He was there for the real Armistice Day and he remembers his experiences with the Army during World War I well. Frank Buckles is Missouri’s last living World War I veteran and one of only three surviving veterans of The Great War.
In fact, he is the last living United States veteran who finished his basic training and went to France before the war’s end.
Buckles is 106 and lives on his farm in West Virginia. He was born near Bethany in northwest Missouri’s Harrison County. Later, he lived in southwest Missouri’s Vernon County for five years before going to Oklahoma. Buckles was 16 when he enlisted in the army after being rejected by the Marines and the Navy because of suspicions he was not yet 18. But he told the Army recruiter Missouri did not require a birth certificate when he was born and that the only written record was in a family Bible that he had no intention of taking to the recruiting office.
Buckles was told his best chance for a quick ticket to France was to become a member of the ambulance corps. He went to France on the steamship "Carpathia," the same ship that had rescued Titanic survivors five years earlier. After the Armistice on November 11, 1918, he stayed in Europe to escort German prisoners back to Germany. He was discharged in 1920, and decided to study business .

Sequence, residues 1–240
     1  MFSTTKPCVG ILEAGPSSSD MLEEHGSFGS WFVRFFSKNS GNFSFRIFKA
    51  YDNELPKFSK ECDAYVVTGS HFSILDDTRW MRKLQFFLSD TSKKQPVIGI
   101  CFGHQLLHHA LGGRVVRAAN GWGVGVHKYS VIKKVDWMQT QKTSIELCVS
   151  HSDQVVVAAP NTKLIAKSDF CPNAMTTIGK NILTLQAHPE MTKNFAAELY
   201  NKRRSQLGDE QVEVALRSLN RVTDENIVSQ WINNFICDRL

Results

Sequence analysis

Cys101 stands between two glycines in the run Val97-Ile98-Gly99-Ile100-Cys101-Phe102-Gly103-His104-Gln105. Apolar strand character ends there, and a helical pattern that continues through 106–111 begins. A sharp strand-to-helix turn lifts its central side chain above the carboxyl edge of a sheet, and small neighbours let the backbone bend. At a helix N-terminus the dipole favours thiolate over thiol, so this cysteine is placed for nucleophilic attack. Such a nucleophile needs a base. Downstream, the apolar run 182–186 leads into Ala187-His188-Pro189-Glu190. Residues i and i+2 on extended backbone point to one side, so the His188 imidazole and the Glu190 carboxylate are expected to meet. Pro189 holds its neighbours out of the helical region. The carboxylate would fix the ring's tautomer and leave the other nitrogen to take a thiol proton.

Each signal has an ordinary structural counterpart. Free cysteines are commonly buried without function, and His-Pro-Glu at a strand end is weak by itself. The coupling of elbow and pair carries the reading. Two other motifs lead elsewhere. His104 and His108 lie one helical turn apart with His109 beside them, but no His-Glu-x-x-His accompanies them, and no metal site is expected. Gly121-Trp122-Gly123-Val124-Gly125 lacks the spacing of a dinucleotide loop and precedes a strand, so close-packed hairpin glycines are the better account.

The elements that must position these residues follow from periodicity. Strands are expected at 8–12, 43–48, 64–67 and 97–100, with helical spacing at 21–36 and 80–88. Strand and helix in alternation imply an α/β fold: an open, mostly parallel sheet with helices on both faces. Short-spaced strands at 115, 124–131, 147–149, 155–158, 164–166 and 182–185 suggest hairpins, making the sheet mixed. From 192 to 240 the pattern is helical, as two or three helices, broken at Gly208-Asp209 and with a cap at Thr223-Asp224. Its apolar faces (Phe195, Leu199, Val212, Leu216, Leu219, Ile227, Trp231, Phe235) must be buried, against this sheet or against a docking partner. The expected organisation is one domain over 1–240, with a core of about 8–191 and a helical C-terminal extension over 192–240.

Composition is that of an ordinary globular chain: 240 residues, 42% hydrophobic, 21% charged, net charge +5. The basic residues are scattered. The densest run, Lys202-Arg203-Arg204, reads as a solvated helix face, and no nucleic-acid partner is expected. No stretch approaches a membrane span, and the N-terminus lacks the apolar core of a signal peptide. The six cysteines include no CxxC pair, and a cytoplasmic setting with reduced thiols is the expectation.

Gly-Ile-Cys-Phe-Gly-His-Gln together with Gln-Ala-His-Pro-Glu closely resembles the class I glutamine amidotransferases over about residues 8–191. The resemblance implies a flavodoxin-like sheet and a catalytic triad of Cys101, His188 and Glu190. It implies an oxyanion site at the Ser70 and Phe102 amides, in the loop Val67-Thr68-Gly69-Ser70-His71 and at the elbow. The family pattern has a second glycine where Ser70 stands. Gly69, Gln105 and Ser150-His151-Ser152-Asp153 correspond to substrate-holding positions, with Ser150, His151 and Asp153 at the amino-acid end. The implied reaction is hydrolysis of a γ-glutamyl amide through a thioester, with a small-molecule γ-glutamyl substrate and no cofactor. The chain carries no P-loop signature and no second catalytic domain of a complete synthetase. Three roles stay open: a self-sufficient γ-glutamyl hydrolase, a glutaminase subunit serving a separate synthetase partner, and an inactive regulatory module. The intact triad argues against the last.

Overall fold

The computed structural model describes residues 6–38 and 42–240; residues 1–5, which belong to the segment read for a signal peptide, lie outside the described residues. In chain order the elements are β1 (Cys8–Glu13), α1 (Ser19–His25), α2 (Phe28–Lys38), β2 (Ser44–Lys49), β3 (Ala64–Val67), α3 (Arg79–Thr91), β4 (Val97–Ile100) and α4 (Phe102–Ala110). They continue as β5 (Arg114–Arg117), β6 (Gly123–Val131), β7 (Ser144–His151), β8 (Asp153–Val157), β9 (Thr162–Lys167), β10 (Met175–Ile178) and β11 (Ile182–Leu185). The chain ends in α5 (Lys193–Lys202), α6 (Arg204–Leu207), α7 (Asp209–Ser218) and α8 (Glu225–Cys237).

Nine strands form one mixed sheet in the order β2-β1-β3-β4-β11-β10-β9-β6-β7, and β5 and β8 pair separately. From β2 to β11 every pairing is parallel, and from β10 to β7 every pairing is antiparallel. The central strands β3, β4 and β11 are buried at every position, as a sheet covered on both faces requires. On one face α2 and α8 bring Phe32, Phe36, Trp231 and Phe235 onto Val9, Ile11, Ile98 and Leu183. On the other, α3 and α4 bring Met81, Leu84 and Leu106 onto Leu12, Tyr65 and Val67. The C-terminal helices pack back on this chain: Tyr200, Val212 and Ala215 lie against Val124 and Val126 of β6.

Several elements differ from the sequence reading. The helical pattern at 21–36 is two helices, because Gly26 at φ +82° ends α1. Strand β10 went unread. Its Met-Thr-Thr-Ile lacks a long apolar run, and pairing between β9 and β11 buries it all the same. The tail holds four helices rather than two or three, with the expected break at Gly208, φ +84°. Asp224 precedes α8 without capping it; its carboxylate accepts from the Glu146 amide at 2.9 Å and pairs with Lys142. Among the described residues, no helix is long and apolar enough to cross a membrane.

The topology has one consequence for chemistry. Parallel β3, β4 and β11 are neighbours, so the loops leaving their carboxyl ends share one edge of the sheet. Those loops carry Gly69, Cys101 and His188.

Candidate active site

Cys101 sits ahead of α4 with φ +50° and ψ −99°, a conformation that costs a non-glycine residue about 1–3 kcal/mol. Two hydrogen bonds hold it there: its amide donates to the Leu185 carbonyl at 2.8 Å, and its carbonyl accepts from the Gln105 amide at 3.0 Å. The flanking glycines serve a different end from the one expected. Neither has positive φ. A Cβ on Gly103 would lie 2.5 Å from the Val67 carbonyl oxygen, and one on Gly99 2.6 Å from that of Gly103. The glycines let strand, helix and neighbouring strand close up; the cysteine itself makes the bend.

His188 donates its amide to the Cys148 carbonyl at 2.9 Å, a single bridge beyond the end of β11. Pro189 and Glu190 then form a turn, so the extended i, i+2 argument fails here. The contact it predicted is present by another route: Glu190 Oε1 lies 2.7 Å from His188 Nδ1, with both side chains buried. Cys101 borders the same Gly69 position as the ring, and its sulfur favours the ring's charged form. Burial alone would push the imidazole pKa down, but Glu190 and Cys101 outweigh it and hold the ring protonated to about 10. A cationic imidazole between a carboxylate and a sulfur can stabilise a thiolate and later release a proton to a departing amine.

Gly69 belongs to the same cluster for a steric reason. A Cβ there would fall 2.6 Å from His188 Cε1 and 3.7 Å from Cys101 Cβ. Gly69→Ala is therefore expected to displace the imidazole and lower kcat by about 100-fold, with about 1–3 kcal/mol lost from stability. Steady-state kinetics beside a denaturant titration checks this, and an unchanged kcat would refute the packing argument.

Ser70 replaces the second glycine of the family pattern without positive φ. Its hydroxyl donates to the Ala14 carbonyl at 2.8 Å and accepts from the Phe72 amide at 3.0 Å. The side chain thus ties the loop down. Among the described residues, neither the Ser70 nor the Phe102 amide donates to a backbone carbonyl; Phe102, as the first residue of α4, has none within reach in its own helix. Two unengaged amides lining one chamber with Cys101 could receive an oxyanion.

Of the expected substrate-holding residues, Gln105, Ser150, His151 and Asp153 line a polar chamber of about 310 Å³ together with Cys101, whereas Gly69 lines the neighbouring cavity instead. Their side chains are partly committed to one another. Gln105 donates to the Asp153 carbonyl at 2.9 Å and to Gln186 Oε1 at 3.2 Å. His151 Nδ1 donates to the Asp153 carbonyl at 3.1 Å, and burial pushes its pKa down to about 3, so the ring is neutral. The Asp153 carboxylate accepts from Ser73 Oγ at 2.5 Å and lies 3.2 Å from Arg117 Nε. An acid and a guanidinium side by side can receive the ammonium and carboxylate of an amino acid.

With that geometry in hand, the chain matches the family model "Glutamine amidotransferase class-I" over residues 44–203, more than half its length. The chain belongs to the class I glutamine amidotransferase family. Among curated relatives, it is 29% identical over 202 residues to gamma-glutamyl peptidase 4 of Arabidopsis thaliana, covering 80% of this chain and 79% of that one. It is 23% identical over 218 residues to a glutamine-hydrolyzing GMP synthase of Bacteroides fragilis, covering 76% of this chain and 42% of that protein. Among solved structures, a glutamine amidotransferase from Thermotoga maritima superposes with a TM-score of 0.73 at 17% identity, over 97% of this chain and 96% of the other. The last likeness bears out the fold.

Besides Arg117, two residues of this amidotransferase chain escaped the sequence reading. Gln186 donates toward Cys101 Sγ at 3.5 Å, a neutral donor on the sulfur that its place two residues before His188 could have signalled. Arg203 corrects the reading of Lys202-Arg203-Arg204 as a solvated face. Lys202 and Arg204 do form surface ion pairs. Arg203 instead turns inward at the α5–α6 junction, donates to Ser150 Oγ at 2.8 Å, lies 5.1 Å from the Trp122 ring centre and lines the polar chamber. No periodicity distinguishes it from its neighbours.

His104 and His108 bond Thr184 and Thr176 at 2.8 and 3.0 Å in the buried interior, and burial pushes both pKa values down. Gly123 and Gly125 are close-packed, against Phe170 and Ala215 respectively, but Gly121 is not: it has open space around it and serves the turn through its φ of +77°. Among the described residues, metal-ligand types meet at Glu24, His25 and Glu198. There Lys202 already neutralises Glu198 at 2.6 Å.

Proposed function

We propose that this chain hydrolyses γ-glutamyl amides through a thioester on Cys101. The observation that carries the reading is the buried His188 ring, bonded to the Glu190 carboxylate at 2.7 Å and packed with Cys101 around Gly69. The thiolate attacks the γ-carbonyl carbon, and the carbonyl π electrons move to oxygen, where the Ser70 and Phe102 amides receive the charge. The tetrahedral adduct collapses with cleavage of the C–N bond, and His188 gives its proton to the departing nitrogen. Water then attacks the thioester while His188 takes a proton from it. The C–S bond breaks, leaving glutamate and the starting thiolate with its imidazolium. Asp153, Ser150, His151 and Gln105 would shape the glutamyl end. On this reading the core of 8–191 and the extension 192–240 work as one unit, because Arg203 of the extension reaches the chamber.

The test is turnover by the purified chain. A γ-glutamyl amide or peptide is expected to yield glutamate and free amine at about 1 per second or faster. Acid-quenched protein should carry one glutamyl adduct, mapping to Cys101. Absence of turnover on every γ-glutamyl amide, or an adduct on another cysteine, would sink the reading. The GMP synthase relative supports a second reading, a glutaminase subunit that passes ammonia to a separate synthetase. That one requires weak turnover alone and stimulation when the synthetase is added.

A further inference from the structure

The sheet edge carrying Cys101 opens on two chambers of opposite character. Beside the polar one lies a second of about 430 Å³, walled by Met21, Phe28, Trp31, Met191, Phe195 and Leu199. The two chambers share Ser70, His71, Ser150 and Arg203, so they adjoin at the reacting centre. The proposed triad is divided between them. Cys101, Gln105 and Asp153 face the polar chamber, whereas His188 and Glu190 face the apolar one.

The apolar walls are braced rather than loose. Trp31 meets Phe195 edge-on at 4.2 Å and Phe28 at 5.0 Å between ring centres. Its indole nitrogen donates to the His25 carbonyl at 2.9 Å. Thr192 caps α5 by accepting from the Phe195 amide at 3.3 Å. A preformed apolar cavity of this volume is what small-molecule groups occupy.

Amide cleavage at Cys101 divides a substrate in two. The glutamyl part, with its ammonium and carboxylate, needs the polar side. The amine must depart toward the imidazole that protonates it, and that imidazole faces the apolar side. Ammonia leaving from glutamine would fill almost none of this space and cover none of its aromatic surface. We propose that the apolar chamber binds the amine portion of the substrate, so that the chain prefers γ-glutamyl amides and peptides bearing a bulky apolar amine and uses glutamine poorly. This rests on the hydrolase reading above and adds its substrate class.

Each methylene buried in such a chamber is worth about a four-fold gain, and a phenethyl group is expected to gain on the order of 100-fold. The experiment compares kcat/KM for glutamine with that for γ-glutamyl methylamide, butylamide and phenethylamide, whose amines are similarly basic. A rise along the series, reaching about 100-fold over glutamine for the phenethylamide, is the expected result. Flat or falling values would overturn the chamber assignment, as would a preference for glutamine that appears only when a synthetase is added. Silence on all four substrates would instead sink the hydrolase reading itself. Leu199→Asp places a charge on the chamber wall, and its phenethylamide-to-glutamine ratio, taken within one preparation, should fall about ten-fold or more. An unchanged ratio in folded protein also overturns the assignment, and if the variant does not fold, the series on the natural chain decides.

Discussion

Buckles worked for several Steamship lines and was in Manila, the Philippines, when Japan attacked. He spent more than two years as a civilian prisoner of war before American troops returned and liberated the camp.
He attributes his long life to his lifetime appreciation of exercise—he drove his own car to his exercise classes until he was 102–and to a determination to live more than 100 years. "When you think you’re going to die, don’t," he advises.
(attached to this story is a 93-minutge interview with Frank Buckles done as part of the Library of Congress’ Veterans History Project).